Who Will Be Left in Egypt?

By THE EDITORIAL BOARD The New York Times               12 Sept 2013

Two years after thousands of Egyptian protesters risked their lives to bring down the dictator Hosni Mubarak, the military-controlled government in Cairo is expanding a repressive system that may ultimately be worse than the one Mr. Mubarak built and managed.

On Thursday, with much of the world distracted by Syria, the Egyptian generals and the civilian officials they have appointed extended a countrywide state of emergency for two months. And after overthrowing Mohamed Morsi, Egypt’s first freely elected president, two months ago and trying to crush his Muslim Brotherhood allies, security forces have also begun to round up other dissenters, a chilling warning that no Egyptians should feel safe if they dare to challenge authority.

That was not the kind of country that most Egyptians envisioned during the 2011 revolution when they sought democracy and freedom and demanded jobs and education. The repression and intolerance will ensure more instability and make it impossible for Egypt to revive its economy and play a constructive role in the region.

The 1950s-era state of emergency law, which removes the right to a trial and curbs on police abuses, was for decades a hated symbol of Mr. Mubarak’s excesses. Although the law stayed on the books, the state of emergency was suspended after Mr. Mubarak’s overthrow. The military leadership revived it last month and has extended it until November, citing the security problems that have only grown worse since Mr. Morsi’s ouster.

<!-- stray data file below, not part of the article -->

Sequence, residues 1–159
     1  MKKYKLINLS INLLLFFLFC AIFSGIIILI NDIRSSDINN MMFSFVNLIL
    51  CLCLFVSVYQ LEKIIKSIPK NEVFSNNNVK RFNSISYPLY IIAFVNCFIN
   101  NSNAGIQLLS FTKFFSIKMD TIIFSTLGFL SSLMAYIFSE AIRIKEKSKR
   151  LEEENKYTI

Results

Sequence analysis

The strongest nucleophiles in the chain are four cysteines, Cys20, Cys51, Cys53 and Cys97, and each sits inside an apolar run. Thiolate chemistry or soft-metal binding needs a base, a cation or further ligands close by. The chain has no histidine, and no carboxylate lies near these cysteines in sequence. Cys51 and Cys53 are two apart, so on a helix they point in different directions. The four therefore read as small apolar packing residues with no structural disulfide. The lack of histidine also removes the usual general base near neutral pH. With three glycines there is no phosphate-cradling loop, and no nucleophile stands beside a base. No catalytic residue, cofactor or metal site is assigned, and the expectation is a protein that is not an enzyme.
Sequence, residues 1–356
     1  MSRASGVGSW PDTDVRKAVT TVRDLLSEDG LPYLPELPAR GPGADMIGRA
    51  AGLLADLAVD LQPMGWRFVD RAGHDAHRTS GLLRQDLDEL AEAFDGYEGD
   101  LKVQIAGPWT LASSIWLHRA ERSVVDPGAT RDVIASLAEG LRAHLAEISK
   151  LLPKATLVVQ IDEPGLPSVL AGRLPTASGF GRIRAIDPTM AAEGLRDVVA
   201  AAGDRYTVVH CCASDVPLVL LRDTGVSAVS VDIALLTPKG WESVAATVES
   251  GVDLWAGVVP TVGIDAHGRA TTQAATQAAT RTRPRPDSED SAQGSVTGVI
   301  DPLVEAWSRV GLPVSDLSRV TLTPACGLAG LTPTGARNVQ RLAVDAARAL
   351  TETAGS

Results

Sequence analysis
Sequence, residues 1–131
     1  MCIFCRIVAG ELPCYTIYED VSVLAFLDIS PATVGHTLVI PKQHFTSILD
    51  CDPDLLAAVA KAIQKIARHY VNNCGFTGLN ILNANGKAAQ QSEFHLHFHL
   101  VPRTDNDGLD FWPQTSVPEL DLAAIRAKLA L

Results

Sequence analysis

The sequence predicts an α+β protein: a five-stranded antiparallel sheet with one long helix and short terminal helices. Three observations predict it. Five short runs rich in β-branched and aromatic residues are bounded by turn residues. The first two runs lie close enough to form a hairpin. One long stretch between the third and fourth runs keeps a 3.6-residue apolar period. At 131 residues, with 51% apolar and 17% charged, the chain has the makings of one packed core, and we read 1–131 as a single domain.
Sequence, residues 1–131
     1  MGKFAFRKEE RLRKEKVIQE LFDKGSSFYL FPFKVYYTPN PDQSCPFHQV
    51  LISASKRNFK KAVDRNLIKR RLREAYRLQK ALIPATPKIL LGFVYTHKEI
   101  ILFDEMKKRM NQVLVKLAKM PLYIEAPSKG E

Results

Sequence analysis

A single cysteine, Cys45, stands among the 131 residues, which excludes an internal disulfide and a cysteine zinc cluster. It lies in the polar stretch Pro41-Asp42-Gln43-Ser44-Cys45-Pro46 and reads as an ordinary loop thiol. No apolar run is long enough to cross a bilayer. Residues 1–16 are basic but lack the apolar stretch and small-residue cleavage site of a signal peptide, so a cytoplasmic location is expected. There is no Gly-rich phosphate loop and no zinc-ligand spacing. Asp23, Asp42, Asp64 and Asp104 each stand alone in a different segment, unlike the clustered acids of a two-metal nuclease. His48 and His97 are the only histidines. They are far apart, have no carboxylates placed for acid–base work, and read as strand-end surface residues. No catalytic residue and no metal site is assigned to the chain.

Just as troubling, the government has moved from singling out the Brotherhood and other Islamists to going after liberal and left-leaning activists and journalists. The April 6 group, which has been praised internationally for its role in the movement that brought down Mr. Mubarak, said Wednesday that police had raided a local office without a warrant and detained several activists for hours.

That same day, the government also filed charges in a military court against Ahmed Abu Deraa, a journalist covering Northern Sinai, where the military is facing growing violence by Islamist militants and has sought to bar news coverage there. Mr. Abu Deraa’s reporting has contradicted claims from the military about operations in Sinai.

There seems to be no end to the draconian controls as the military seeks to restrain the news media, manipulate the courts, misuse security services and restrict civil society groups. If it prevents the Muslim Brotherhood from operating at all, as many expect, it will go even farther than Mr. Mubarak. The process of revising the Constitution that was put in place by the government seems as flawed as the one implemented by Mr. Morsi. The results are almost certain to be regarded by many Egyptians as illegitimate.

All this comes on top of a crackdown on peaceful demonstrators after the coup that killed more than 1,000 people. The Obama administration has quietly suspended assistance to the Egyptian government and called off military exercises, but it will soon have to decide whether to allow the transfer of other aid to the military. Given the government’s insistence on repressing its people and pursuing a self-destructive course, that money should be withheld.


source : nytimes.com